NASHVILLE, Tenn., Dec. 11, 2023 – U.S. Department of Agriculture (USDA) Rural Development Tennessee State Director today announced more than $1.6 million in investments will be used to improve infrastructure, housing, and economic conditions for underserved rural and Native American communities. These projects are funded by an $81 million investment from USDA.
The investments are part of President Biden’s commitment to advance equity for all, including those who have been historically underserved, marginalized and adversely affected by persistent poverty and inequality.
“The commitment and resources our agency brings to rural people and communities, helps drive economic security and prosperity in rural Tennessee,” Armstrong said. “Today’s investments will support opportunities for people to build brighter futures and continue our efforts to work hand-in-hand with local organizations to keep our rural residents in safe, reliable homes.”
USDA is making investments in several programs specifically designed to bring federal funding and resources to people and communities in underserved rural areas. The projects will benefit hundreds of thousands of people in 42 states, Puerto Rico and the Marshall Islands.
- The University of Tennessee is receiving a $364,502 Delta Health Care Services Grant to provide funds for technical assistance and training to combat sickle cell disease in the Delta Region. The purpose of this program is to address the continued unmet health needs in the region through cooperation among health care professionals, institutions of higher education, and research entities.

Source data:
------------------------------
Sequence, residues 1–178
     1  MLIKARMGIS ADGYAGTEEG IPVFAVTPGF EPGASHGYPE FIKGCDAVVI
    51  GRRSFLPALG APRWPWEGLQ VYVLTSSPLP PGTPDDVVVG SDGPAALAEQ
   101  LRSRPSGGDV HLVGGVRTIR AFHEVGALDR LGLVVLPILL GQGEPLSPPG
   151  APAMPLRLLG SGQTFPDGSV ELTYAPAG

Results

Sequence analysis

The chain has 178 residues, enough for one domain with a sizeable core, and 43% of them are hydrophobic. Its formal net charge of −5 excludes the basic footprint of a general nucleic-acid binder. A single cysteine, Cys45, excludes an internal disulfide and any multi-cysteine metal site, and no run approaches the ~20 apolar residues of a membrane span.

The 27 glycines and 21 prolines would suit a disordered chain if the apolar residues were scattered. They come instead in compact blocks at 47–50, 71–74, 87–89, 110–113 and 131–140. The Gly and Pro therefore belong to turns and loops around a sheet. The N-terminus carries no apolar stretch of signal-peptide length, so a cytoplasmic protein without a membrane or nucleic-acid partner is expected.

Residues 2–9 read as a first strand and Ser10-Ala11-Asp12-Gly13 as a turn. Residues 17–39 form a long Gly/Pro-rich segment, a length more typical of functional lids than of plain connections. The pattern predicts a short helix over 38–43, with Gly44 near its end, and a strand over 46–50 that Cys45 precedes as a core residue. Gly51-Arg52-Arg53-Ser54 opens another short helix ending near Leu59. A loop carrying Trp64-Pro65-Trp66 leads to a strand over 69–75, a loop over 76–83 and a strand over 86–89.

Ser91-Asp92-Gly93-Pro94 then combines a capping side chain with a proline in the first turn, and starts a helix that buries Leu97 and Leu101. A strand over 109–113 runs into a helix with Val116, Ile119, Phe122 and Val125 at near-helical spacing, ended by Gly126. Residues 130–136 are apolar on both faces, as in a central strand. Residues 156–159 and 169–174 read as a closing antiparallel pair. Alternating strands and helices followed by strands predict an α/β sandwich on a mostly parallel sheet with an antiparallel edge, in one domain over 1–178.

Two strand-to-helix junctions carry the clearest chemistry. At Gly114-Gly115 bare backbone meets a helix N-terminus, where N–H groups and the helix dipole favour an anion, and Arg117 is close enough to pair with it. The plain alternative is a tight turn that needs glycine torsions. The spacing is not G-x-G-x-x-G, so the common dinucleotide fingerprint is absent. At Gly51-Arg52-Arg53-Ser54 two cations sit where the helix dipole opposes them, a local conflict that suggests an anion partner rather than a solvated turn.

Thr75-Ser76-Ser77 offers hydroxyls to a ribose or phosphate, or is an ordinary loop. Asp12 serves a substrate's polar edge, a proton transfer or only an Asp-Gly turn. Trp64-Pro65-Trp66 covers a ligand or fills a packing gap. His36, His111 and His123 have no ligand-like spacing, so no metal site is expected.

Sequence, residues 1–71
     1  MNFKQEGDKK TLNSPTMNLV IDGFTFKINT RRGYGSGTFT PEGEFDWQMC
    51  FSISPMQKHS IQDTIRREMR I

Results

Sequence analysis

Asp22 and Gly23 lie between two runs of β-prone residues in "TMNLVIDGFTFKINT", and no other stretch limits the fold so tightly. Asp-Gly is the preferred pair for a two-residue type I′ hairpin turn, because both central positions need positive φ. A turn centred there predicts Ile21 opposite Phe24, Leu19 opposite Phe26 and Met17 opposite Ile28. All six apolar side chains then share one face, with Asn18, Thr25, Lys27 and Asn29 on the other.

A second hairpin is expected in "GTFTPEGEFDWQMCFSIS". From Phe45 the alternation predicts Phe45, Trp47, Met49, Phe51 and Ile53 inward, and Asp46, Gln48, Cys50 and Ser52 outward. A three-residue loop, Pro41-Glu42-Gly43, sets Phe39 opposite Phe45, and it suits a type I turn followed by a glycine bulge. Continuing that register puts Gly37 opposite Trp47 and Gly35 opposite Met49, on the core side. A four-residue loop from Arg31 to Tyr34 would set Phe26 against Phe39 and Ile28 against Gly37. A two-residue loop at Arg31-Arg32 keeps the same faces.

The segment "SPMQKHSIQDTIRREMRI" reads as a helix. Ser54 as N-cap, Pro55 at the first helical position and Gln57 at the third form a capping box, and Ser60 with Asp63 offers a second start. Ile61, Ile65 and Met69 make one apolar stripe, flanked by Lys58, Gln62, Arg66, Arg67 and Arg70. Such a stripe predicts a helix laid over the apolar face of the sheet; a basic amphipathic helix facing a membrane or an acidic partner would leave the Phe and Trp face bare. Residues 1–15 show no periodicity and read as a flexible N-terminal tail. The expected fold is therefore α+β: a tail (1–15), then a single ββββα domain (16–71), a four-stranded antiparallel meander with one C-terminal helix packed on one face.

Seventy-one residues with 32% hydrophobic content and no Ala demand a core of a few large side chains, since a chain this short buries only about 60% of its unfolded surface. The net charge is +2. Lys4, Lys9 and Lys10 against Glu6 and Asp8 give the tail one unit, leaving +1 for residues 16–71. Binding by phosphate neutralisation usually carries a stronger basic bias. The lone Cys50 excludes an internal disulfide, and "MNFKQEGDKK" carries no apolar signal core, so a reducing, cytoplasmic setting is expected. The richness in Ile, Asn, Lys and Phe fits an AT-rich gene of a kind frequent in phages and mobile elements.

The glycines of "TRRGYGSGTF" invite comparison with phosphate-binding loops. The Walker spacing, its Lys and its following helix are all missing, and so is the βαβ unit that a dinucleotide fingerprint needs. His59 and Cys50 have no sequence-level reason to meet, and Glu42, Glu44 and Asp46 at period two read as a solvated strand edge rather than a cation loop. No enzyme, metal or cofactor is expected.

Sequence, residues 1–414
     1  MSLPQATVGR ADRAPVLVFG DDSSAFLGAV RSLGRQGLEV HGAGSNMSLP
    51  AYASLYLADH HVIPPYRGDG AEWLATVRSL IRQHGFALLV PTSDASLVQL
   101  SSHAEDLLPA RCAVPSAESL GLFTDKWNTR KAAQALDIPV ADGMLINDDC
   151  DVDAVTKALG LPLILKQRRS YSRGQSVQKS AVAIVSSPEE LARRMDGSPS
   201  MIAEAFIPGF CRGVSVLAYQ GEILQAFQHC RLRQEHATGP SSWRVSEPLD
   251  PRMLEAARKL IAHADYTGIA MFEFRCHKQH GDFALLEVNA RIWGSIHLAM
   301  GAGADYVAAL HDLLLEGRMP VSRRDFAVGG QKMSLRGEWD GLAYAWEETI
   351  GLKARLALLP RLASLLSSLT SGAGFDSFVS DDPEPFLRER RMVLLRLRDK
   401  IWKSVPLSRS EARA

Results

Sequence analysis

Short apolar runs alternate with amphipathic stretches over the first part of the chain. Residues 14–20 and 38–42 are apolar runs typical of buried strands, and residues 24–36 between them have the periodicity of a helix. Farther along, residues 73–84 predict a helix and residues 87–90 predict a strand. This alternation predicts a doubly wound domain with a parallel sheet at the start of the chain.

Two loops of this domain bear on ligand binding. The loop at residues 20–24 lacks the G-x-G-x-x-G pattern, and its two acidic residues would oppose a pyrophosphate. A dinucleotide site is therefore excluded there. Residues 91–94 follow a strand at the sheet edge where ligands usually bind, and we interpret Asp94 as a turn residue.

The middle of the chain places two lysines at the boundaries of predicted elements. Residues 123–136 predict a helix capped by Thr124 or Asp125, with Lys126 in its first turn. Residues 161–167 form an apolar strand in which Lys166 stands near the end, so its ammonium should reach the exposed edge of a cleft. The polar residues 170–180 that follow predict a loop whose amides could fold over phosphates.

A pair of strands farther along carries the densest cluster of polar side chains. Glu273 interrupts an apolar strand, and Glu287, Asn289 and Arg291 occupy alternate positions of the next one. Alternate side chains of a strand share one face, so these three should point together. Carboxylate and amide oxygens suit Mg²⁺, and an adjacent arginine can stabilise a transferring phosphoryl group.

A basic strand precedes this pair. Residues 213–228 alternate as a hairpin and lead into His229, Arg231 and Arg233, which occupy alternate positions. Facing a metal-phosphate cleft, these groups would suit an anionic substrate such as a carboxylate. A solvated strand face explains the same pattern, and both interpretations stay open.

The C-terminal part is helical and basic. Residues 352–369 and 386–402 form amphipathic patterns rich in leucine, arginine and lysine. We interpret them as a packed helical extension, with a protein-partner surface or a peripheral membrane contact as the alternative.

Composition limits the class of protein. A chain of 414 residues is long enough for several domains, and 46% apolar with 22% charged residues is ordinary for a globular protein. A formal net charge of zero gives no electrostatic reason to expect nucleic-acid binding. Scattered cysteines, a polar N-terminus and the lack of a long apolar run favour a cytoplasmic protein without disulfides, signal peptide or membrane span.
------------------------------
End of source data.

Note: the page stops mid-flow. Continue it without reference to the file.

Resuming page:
- The University of Tennessee at Martin is receiving a $407,722 Delta Health Care Services Grant to provide training to police officers and social workers in the Delta Region. This project will address the unmet health needs of individuals in the region through cooperation amongst health care professionals, the university, and other entities.
The investments also include more than $19 million to help low-income and very low-income residents in every part of the country repair and rehabilitate their homes.
- Loudon County is receiving a $126,500 Housing Preservation Grant to help 16 qualified very low and low-income homeowners make needed repairs or improvements to their existing homes.
- Clinch-Powell Resource Conservation & Development is receiving a $200,000 Housing Preservation Grant to help 20 qualified very low and low-income homeowners make needed repairs or improvements to their existing homes in Claiborne, Cocke, Grainger, Hamblen, Hancock, Hawkins, Jefferson, Union, Campbell, Cumberland, Morgan, Putnam, Scott, White and Bledsoe counties.
- Knoxville Leadership Foundation is receiving a $228,500 Housing Preservation Grant to help 40 qualified very low and low-income homeowners make needed repairs or improvements to their homes in Knox County, Tennessee.
- East Tennessee Development District is receiving a $180,490 Housing Preservation Grant to help 16 qualified very low and low-income homeowners make needed repairs or improvements to their homes in Campbell, Claiborne, Cocke, Grainger, Hamblen, Jefferson, Morgan, and Scott counties.
- Appalachia Service Project is receiving a $50,000 Housing Preservation Grant to assist eight qualified very low and low-income homeowners whose homes obtained damages due to a natural disaster. This will entail a variety of critical home repairs for owner-occupied homes in Washington County, a Presidentially Declared Disaster Area.